# Hand-to-hand room lighting calculation

- Tutorial

*I’ll try to very briefly and simply outline the method of manual calculation of lighting in rooms, which I was taught on the course “Lighting Calculation” of the LiDS lighting design school.*

**What should be the illumination?**

When planning lighting, first of all, it is necessary to determine the target illumination that meets the standards and calculate the total luminous flux that the lamps should give in the room.

It is easy to determine the standards - either we look for our type of room in the tables SanPiN 2.21 / 2.1.1 / 1278-03 "Hygienic requirements for natural, artificial and combined lighting of residential and public buildings" and SP 52.13330.2011 "Natural and artificial lighting", or we agree with the basic requirement for illumination of residential premises - 150 lx or office premises with computers - 400 lx.

**A rough estimate of the required luminous flux**

By default, the calculation of illumination is done in the Dialux program . But the result, at least approximately, needs to be known in advance in order to compare the data with the “by eye” assessment.

As written even on Wikipedia, the average surface illumination is the ratio of the light flux incident on it to the area. But in a real room, part of the luminous flux of the lamp does not reach the working planes, disappearing on the walls. Illumination in the room is the ratio of the total luminous flux of the lamps to the area of the room with a correction factor of "η".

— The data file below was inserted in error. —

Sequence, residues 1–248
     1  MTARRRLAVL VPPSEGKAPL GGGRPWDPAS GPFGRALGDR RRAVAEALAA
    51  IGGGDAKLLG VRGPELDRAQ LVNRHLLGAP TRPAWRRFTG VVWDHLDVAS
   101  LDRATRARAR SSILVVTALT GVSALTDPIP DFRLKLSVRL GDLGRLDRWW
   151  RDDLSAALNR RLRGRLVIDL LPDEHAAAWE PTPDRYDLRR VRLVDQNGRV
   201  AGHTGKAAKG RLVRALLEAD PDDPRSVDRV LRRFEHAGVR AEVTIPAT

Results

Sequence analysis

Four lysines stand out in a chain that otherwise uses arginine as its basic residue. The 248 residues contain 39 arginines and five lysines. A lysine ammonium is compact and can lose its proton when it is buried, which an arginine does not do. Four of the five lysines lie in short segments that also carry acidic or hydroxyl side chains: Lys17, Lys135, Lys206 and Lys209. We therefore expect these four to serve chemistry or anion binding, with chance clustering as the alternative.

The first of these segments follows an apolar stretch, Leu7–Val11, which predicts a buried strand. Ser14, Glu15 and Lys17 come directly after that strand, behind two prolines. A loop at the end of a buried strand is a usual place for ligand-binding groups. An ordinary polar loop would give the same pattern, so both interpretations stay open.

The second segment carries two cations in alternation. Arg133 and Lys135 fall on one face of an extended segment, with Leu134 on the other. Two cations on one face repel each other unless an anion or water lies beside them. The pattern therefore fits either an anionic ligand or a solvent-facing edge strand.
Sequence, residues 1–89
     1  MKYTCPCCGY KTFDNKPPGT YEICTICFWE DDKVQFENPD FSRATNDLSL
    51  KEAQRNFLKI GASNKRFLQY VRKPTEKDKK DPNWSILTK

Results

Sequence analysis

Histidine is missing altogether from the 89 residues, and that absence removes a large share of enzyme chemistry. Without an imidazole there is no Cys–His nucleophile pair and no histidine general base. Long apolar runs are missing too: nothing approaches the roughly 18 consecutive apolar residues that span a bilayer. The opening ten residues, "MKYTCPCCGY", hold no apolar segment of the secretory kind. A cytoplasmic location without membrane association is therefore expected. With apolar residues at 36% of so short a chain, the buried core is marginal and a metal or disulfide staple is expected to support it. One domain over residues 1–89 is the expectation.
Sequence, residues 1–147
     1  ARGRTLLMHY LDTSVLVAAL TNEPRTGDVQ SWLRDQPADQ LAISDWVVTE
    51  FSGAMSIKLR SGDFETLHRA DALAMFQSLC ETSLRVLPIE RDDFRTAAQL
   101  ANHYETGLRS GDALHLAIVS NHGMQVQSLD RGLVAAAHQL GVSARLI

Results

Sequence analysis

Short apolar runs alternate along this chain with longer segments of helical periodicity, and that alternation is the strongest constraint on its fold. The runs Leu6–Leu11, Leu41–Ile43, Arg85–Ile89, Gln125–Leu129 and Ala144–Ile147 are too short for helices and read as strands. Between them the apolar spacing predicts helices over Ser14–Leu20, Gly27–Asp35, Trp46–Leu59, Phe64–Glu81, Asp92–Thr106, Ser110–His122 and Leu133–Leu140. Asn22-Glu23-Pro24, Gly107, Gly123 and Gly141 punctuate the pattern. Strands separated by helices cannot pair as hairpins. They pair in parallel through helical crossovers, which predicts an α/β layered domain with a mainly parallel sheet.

The fraction of light "η" that reaches the working surfaces can be estimated by eye. In the most general approximation, for some very average room with some kind of fixtures, about half of the light reaches the working surfaces, which means that for a very rough estimate, you can use the coefficient η = 0.5.

For example, in a room with an area of 20 m

^{2, a}lamp with a luminous flux of 700 lm (the equivalent of an incandescent lamp of 60 W ) will create illumination E = 0.5 × 700 lm / 20 m

^{2}= 18 lx. And this means that to achieve the standard of 150 lx, you need F = 700 lm × (150 lx / 18 lx) = 5800 lm, or the equivalent of 8 60W incandescent bulbs!

*(Half a kilowatt of incandescent lamps on a small room! It is clear why the lighting standards for residential premises are much lower than for institutions, and why nobody has been lighting incandescent lamps for a long time.)*

**A more accurate method of manual calculation**

But since the rooms come with different walls, different forms, with high or low ceilings, the correction factor is not necessarily equal to 0.5 and for each case its own: in practice, from 0.1 to 0.9. Despite the fact that the difference between η = 0.3 and η = 0.6 already means a double run of the results.

The exact value of η must be taken from the tables of the coefficient of utilization of the light flux developed back in the USSR. In full view with explanations of the table I quote in a separate document. Here we use an excerpt from the tables for the most popular case. For a standard bright room with reflection coefficients of the ceiling of the walls and floor in 70%, 50%, 30%. And for ceiling mounted luminaires that shine for themselves and a little to the side (that is, they have a standard, so-called “cosine” light intensity curve).